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Categorization in Discourse and Grammar

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Edited By Małgorzata Fabiszak, Karolina Krawczak and Katarzyna Rokoszewska

This collection of papers addresses new trends in Cognitive Linguistics. Three parts of the book focus on Conceptual Metaphor Theory and Integration Network Analysis. Both the theoretical contributions and the empirical case studies stress the importance of contextual factors in the meaning making processes. They employ qualitative methods to analyze the use of metaphor in political discourse and in the conceptualization of emotions. The data sets include multimodal data, sign languages and co-speech gestures. The fourth part of the book contains two corpus-based studies. The fifth part concentrates on the grammatical categories of passive voice and aspect. One contribution discusses the problem of categorization in phonology.
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Contextual Factors in Metaphor Creation in Discourse

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A missing element of metaphor production and metaphorical meaning making in general in cognitive linguistics is context. I suggest that an account of metaphor production in context must begin with a general characterization of communication and, within that, metaphorical communication. The crucial elements of this include the notions of relevant context, referential scene, joint attention, joint action, and common ground, as proposed by a number of scholars in the past decade or so. I will point out the significance of these notions for a theory of metaphor creation in context. In addition, I will propose a dozen or so commonly occurring contextual factors that seem to play a role in the creation of metaphors in real discourse. These contextual factors can be grouped into four larger types: situational, linguistic, conceptual-cognitive, and bodily factors. The contextual factors can be arranged along a gradient: the local to global context. The reconceptualization of the nature and role of context in metaphor creation is intended to improve and enrich existing versions of conceptual metaphor theory.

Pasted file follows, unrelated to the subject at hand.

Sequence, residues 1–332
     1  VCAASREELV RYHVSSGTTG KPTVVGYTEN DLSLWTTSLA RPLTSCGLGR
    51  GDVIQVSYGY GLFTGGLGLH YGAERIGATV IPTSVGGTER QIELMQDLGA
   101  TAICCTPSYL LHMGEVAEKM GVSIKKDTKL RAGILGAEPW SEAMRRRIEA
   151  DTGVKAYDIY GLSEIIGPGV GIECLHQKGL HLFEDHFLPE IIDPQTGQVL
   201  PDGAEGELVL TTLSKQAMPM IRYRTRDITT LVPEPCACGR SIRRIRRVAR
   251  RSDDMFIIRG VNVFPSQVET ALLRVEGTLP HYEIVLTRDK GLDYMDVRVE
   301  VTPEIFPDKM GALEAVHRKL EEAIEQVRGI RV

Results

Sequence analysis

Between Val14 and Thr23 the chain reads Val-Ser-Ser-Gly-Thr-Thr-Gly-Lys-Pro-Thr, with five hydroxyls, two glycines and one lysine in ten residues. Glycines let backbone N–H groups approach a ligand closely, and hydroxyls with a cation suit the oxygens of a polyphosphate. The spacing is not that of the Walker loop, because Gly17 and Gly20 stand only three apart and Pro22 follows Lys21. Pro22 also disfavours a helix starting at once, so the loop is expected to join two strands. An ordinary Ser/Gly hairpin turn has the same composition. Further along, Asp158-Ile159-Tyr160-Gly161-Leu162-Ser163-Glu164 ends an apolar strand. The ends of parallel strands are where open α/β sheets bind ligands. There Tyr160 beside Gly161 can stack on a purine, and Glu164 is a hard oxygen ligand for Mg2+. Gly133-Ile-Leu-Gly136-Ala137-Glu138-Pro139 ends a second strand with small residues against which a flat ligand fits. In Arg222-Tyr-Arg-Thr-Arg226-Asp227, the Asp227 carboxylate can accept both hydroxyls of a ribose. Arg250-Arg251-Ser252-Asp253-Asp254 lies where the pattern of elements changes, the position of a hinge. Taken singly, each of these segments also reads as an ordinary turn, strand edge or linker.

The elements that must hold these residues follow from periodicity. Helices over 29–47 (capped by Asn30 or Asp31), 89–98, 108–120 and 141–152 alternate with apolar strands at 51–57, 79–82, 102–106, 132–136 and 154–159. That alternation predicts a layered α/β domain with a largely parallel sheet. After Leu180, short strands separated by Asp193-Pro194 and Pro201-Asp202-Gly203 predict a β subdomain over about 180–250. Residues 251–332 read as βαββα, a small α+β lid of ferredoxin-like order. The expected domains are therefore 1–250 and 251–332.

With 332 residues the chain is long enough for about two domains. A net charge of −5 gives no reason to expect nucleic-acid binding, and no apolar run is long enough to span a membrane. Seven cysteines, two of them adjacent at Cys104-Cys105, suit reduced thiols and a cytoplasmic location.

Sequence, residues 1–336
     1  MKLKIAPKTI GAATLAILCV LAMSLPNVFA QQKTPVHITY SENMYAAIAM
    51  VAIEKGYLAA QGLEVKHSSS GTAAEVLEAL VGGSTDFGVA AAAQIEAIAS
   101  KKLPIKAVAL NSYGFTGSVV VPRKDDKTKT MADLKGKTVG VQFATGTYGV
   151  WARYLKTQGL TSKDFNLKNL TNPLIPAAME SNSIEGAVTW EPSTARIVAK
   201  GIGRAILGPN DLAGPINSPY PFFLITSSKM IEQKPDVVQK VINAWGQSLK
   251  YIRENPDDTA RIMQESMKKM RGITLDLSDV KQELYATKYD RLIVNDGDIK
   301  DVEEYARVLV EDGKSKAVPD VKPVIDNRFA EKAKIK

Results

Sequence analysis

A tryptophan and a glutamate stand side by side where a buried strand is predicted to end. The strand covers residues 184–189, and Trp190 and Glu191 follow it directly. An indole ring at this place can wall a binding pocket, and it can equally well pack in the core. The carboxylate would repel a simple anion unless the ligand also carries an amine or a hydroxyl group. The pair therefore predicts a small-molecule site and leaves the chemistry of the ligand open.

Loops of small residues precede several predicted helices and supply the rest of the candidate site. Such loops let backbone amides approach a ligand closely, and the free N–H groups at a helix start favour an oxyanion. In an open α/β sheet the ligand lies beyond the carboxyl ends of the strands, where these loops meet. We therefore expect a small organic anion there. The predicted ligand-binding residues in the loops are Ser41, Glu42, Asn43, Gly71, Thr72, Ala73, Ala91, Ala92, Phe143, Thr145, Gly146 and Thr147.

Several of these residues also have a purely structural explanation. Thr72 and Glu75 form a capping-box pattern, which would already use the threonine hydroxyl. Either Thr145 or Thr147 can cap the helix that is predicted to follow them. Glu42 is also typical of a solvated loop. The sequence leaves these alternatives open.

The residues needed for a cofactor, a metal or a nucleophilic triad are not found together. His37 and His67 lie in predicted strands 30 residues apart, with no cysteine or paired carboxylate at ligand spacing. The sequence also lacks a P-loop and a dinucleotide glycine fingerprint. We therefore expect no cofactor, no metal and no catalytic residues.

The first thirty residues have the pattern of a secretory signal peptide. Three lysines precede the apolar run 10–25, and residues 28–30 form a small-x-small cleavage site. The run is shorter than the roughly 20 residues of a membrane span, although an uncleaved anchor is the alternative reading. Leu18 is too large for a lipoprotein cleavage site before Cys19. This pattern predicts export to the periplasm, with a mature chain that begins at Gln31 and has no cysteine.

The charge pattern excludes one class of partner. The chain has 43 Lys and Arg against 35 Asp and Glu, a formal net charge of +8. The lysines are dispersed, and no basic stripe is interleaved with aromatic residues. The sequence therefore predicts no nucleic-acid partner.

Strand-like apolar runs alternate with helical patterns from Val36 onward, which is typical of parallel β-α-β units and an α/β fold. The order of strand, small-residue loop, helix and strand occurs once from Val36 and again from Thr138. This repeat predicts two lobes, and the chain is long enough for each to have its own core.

1.  Introduction

Conceptual metaphors are defined as sets of mappings between a concrete source domain and an abstract target domain. The mappings are conceptual correspondences between elements of the source and those of the target. Linguistic expressions make these correspondences manifest in language, and the meaning of the expressions is based on the particular mappings. By their nature, the systematic mappings form a part of the conceptual system. The central cases of these...

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